2. Small to large group feedback: When returning to the larger group, ask everyone to type in the chat box one insight / observation / thing they discussed, before asking for a representative to give feedback. This gives a wider summary of the smaller groups and the chat text can usually be captured and distributed.


All meetings and workshops benefit from confirming what was discussed and decided, both at the end of each agenda item, as well as the end of the session. And capturing this visually as well as verbally enhances memory and retention.

  1. Checking for agreement: It’s not as simple as going around the room and asking for a nod of approval, so the co-facilitator needs to create a formula for ensuring everyone is heard. Online meeting functionality such as Polls and Chat can aid in decisions, especially capturing questions and concerns in chat, similar to sticky notes. Asking group members to vote ‘Yes, No, Not Sure Yet’ can allow you to keep moving and flag for follow-up.
  2. Close: As well as the usual end-of-meeting formalities, there are a few additional quirks of online meetings, such as leaving the meeting vs ending the meeting, and recording, saving recordings and saving chats, all of which must be done before ending the meeting.

If you are new to Zoom you may also like to sign up to our Newsletter and receive a free download: Zoom 5 Minute Prep Checklist for new Hosts

Feeling frustrated because you supposedly have so much more spare time now that you are working from home?

Wondering how to get started on one of those longer term projects? This nails it:

“If you’re putting off a long term project, particularly one where the result is uncertain or the reward will take a long time to arrive, find a way to reward yourself as fast as you can. Just for getting it done, that short term anticipation will keep you going, even if it’s hard to see your long term progress. And then there’s another tactic. Make the hard choices easier.”

But how do we find a suitable short term reward?

If you like bouncing ideas off people – phone a friend and ask them to get a pen and write down what you say for five minutes. Then start talking about what you love to do when you aren’t working and see if you can generate an ‘aha – I could use that as my reward’.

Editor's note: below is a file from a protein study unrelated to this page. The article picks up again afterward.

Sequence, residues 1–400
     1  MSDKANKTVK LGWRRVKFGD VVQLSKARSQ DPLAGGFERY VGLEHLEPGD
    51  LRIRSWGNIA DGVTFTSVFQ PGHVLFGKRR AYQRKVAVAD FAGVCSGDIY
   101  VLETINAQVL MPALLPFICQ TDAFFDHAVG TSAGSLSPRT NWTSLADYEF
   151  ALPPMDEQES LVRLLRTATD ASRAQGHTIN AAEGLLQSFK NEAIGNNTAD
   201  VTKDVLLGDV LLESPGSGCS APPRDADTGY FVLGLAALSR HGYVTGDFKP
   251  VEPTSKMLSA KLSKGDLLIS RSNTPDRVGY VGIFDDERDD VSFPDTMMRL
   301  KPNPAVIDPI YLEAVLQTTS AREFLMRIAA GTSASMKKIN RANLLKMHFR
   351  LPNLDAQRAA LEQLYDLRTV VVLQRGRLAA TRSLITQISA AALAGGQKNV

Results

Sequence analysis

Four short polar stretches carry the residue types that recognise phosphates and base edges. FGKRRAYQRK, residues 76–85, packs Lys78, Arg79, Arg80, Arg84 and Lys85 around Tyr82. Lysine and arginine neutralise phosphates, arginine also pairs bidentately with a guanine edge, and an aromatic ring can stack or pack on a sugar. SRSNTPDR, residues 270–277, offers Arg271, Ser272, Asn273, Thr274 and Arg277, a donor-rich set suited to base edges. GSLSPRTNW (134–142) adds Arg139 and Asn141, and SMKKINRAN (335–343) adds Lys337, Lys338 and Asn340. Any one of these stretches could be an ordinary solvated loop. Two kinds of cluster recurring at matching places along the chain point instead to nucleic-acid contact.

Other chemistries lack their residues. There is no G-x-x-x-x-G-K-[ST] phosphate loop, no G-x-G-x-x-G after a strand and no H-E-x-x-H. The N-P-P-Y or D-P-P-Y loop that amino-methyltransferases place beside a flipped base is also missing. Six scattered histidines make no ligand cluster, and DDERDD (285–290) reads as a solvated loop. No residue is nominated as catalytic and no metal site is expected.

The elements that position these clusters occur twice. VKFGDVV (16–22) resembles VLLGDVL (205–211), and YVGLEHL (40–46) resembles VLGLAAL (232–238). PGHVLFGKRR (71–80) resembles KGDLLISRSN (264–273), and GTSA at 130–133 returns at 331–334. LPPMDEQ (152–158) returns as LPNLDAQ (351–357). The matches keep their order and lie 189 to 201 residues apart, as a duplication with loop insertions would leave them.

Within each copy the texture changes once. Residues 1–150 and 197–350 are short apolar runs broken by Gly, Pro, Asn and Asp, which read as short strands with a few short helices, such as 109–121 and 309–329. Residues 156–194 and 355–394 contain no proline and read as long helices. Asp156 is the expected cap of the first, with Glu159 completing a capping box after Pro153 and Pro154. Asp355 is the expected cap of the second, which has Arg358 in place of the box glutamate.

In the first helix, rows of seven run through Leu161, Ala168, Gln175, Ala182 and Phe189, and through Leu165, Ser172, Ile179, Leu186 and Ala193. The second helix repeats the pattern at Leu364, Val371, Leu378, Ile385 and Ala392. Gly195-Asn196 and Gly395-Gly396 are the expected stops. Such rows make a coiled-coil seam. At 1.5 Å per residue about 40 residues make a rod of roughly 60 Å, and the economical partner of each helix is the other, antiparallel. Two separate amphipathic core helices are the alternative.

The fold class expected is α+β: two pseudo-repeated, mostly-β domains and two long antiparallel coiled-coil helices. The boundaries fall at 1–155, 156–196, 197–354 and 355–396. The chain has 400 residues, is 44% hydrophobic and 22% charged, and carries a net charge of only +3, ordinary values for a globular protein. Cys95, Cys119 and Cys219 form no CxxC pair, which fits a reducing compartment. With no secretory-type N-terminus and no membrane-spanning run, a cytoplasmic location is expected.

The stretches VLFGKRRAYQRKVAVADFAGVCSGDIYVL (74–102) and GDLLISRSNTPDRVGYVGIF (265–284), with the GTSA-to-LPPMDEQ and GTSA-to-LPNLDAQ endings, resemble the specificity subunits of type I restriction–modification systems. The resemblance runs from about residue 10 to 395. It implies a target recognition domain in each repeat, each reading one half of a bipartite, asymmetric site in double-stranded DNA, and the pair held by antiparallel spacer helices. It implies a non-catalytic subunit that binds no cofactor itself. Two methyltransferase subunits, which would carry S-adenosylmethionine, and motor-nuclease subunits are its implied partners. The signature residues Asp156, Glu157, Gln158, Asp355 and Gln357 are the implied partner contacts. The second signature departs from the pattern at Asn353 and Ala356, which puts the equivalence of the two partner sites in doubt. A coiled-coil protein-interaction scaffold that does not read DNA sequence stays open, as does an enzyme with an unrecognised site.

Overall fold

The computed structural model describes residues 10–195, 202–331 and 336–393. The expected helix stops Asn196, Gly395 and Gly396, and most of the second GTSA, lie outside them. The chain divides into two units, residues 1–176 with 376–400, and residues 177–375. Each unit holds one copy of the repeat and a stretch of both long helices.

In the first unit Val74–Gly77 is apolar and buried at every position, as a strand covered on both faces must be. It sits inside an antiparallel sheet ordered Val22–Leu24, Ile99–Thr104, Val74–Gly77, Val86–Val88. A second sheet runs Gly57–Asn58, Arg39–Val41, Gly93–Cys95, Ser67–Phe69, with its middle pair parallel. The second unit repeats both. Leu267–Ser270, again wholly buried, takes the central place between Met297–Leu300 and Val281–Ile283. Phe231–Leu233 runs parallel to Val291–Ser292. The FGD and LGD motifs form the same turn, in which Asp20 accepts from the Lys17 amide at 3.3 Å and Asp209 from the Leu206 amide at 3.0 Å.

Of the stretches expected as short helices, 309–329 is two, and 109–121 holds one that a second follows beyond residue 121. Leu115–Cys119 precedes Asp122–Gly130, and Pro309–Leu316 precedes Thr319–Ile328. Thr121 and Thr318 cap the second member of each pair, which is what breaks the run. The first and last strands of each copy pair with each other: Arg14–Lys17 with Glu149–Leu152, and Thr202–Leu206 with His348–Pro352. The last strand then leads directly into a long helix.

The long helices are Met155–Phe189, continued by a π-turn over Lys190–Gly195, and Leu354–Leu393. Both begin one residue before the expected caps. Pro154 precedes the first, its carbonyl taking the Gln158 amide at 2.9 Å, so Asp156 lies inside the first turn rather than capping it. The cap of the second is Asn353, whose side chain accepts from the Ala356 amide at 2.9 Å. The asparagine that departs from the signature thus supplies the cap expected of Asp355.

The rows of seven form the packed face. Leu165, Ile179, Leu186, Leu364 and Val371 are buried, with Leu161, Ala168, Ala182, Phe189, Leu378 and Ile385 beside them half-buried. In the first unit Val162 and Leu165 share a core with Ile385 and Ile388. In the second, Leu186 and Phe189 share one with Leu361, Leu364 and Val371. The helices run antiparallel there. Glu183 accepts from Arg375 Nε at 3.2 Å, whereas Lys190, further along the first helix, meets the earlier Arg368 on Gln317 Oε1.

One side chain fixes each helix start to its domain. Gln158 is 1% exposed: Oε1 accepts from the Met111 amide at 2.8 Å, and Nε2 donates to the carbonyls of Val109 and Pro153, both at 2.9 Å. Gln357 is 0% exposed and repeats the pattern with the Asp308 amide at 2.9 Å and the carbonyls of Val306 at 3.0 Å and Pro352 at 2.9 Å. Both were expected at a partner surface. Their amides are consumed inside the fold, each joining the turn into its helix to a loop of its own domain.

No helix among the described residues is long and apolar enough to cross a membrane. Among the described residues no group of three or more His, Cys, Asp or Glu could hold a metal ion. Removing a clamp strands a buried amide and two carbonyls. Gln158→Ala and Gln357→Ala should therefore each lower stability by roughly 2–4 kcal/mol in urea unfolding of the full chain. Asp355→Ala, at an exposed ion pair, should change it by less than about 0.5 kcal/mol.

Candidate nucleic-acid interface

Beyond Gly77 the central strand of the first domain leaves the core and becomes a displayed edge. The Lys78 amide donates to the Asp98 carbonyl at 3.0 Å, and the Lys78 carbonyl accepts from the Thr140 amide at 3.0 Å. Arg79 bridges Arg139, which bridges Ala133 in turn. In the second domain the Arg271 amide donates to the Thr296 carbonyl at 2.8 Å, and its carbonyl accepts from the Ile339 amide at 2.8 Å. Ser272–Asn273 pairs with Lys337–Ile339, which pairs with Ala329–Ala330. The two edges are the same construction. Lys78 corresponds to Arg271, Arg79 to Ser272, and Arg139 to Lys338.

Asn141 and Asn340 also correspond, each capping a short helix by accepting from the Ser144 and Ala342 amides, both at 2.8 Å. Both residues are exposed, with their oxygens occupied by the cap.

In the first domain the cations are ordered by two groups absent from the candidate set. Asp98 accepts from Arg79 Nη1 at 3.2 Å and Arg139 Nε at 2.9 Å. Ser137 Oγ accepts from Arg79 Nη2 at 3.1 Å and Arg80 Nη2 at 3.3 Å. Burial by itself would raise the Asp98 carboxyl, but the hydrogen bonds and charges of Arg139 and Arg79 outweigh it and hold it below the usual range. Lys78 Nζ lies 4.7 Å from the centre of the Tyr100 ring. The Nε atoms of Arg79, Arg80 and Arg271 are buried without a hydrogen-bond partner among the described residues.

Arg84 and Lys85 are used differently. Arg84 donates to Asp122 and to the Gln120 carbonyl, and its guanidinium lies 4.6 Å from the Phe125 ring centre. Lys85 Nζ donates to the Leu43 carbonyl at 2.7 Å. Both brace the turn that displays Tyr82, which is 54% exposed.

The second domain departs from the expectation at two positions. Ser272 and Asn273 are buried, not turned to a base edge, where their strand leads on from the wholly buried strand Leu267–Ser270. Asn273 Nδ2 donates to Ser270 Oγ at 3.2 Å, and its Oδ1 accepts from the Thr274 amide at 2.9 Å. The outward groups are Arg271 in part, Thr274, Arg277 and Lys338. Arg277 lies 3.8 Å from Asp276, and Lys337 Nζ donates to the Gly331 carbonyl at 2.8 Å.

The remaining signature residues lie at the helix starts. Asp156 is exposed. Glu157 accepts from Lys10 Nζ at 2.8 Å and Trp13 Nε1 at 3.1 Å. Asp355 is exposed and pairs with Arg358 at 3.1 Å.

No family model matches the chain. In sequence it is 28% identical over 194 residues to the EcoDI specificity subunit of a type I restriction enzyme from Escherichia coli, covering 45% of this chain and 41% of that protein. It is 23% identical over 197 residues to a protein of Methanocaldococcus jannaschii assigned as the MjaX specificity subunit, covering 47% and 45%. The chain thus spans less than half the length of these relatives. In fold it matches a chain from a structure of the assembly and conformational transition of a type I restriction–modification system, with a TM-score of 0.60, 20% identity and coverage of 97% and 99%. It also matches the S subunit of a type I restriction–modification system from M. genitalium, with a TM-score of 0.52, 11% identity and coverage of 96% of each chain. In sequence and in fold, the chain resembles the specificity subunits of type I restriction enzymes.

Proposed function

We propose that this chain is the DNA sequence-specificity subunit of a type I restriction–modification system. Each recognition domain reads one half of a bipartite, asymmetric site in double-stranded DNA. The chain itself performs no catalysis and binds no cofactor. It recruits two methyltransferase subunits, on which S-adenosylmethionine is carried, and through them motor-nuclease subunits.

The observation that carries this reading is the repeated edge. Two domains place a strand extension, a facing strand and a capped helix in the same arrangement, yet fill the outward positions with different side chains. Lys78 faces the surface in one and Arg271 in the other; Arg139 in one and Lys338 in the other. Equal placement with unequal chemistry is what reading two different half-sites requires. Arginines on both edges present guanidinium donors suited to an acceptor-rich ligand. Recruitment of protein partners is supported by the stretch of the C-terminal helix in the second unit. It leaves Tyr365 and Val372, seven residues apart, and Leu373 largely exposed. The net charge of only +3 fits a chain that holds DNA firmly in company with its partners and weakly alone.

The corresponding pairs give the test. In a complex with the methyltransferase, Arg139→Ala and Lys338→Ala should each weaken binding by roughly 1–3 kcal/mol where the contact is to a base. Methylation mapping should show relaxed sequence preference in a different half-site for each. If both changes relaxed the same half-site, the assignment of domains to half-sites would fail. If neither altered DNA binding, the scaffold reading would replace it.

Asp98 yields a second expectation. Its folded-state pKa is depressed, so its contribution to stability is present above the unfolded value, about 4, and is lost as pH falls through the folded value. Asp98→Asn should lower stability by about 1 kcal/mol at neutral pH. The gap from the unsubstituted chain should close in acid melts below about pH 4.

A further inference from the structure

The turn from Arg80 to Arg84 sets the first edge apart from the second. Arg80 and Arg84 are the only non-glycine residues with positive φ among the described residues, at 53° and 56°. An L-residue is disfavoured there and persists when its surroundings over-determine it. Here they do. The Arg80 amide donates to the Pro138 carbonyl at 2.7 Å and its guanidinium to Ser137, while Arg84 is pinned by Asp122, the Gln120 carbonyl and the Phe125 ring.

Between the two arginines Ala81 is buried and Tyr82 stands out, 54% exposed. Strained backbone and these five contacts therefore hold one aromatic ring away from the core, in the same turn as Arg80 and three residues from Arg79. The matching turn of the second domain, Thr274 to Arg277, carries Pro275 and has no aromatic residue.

If you like being by yourself, get a piece of paper and make a list of “things I love to do”. As an alternative, draw a heart in the middle of the page and give yourself 5 minutes to write down anything that might be a reward.

If you want to know more, click here to listen to Charles Duhigg interviewing Dan Ariely on this topic (advice is at 19.05).  Or click here to sign up for a download of my e-book: 21 Ways to Get Unstuck, Keep Moving Towards your Dreams.


Enough is enough

In South Australia COVID-19 fears are easing. But rather than go back to the ‘old normal’, now is the time to really consider what we want our ‘new normal’ to be. One way is to ask ‘how much is enough?’

And that question doesn’t only apply to money and having ‘stuff’. Many of us live with a societal pressure that says who we are and what we currently do is ‘not good enough’, so the question applies to our whole life – how much fitness is enough, how much grooming is enough, how much volunteering is enough, how much responsibility for others’ is enough?

In all these instances we can see a hidden belief that ‘more is better’. This belief runs our world and our lives. But it doesn’t have to. A belief is “just a thought that we keep on thinking”, so we can choose to start thinking other thoughts. Admittedly, a strong belief that is also held by many others can take a lot of effort to shift. But now is a good time and its worth it.

So how much is enough for you and about you? If you are not currently doing enough or being good enough, whose voice is judging you?  What would it be like to say “I am <good> enough and what I have in my life is enough for today. I don’t need to do or be or have more.  I will enjoy what is already here”?

Staying socially connected even as we are physically distancing

Words matter. So does connection.

In these difficult times we need to connect more than ever – with people and with nature – to calm and energise ourselves. Instead of saying “I’m self-isolating”, try “I’m physically isolating myself and I’d love to say connected”.
How can we do that?
Walk to your local park, beach, or tree and call someone you care about. Describe one thing that you like about your surroundings (if your thoughts are dismal try describing the colour, the shape or the feel).
Tell the person one thing you appreciate about them / about having them in your life.
Smile if you can. Every bit of positive energy helps at this difficult time.

Hope or Trust (Faith)

Scientist Dr Lauren Oakes poses this question to her peers: